Sparkles from the Wheel
Where the city's ceaseless crowd moves on the livelong day, Withdrawn I join a group of children watching, I pause aside with them. By the curb toward the edge of the flagging, A knife-grinder works at his wheel sharpening a great knife, Bending over he carefully holds it to the stone, by foot and knee, With measur'd tread he turns rapidly, as he presses with light but firm hand, Forth issue then in copious golden jets, Sparkles from the wheel. The scene and all its belongings, how they seize and affect me, The sad sharp-chinn'd old man with worn clothes and broad shoulder-band of leather, Myself effusing and fluid, a phantom curiously floating, now here absorb'd and arrested, The group, (an unminded point set in a vast surrounding,) The attentive, quiet children, the loud, proud, restive base of the streets, The low hoarse purr of the whirling stone, the light-press'd blade, Diffusing, dropping, sideways-darting, in tiny showers of gold, Sparkles from the wheel.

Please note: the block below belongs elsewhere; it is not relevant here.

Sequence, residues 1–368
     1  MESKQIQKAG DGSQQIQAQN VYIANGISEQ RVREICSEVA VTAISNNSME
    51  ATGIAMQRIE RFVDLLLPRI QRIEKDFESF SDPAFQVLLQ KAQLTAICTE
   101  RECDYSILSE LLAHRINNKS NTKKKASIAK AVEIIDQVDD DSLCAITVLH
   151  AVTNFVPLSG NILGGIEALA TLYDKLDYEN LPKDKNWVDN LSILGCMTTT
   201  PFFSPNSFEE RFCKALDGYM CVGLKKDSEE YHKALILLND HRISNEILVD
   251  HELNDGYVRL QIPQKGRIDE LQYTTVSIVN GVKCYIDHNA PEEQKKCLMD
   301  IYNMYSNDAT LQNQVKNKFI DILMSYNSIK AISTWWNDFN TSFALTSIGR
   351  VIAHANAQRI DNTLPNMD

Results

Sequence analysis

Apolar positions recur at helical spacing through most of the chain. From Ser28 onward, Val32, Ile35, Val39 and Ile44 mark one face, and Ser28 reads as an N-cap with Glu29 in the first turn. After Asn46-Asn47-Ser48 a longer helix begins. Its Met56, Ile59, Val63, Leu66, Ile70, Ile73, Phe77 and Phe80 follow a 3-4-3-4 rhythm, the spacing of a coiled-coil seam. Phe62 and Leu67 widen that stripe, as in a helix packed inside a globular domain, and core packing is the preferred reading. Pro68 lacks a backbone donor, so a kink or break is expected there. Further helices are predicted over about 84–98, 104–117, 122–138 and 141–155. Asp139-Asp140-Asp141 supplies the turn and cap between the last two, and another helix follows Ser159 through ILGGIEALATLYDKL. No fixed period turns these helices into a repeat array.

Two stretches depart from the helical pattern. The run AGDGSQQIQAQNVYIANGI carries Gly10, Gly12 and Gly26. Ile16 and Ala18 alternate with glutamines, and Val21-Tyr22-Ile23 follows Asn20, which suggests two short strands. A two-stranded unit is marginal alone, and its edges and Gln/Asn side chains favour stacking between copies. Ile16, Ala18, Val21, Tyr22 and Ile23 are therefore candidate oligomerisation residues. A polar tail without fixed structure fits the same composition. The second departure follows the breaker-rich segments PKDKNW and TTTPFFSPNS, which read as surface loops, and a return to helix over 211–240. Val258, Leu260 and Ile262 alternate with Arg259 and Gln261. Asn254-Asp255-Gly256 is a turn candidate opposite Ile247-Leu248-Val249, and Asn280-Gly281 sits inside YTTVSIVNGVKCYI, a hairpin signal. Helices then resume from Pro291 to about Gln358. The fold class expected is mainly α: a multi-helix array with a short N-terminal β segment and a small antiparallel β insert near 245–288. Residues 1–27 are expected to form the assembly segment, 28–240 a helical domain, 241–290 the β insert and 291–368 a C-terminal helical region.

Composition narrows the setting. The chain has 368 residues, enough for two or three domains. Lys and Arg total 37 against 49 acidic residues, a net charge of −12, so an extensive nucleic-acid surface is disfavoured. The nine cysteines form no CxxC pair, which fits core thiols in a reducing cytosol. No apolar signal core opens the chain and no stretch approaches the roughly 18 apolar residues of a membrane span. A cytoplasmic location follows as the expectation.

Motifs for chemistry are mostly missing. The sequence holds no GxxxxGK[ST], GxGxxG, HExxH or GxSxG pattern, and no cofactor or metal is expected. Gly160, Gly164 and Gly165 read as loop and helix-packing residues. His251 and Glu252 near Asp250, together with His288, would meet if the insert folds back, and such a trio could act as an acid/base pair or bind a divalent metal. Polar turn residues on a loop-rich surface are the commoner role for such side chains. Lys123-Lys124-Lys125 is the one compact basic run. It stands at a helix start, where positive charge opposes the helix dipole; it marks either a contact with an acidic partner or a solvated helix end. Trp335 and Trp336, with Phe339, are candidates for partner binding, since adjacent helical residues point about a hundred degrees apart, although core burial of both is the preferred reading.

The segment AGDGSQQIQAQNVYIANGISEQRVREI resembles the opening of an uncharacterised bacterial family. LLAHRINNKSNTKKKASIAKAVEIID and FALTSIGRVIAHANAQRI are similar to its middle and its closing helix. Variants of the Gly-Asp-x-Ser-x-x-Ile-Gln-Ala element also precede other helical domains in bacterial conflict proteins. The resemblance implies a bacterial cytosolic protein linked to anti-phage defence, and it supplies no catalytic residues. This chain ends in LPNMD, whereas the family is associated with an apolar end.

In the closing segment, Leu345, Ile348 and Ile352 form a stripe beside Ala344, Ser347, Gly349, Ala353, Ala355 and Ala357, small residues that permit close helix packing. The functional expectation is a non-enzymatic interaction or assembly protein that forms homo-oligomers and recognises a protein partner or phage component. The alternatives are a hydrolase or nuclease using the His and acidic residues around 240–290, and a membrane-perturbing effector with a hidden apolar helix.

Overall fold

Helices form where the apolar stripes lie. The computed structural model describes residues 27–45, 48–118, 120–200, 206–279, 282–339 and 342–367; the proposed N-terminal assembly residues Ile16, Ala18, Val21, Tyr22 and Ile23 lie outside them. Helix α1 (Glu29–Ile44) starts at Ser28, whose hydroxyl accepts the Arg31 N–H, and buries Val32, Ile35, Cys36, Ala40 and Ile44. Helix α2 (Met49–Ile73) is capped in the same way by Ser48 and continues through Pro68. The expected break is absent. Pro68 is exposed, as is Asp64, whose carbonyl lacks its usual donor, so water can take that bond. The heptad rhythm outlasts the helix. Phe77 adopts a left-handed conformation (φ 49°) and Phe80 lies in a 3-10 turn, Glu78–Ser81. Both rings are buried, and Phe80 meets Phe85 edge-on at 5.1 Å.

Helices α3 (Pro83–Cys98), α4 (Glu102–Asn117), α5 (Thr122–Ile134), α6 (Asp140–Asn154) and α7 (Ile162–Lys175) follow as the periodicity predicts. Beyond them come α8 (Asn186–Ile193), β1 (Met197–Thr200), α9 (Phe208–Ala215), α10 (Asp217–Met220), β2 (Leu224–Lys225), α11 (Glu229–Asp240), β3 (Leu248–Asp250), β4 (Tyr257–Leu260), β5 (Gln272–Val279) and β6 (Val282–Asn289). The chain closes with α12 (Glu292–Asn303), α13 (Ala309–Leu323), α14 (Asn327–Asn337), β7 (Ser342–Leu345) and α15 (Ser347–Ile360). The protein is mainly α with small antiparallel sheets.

Posted on 28/04/2015, in literature, poetry and tagged 19th Century Poetry, American literature, American poets, Daily Whitman, free verse, Leaves of Grass, literature, poems, poetry, Transcendentalists, Walt Whitman. Bookmark the permalink. Leave a comment.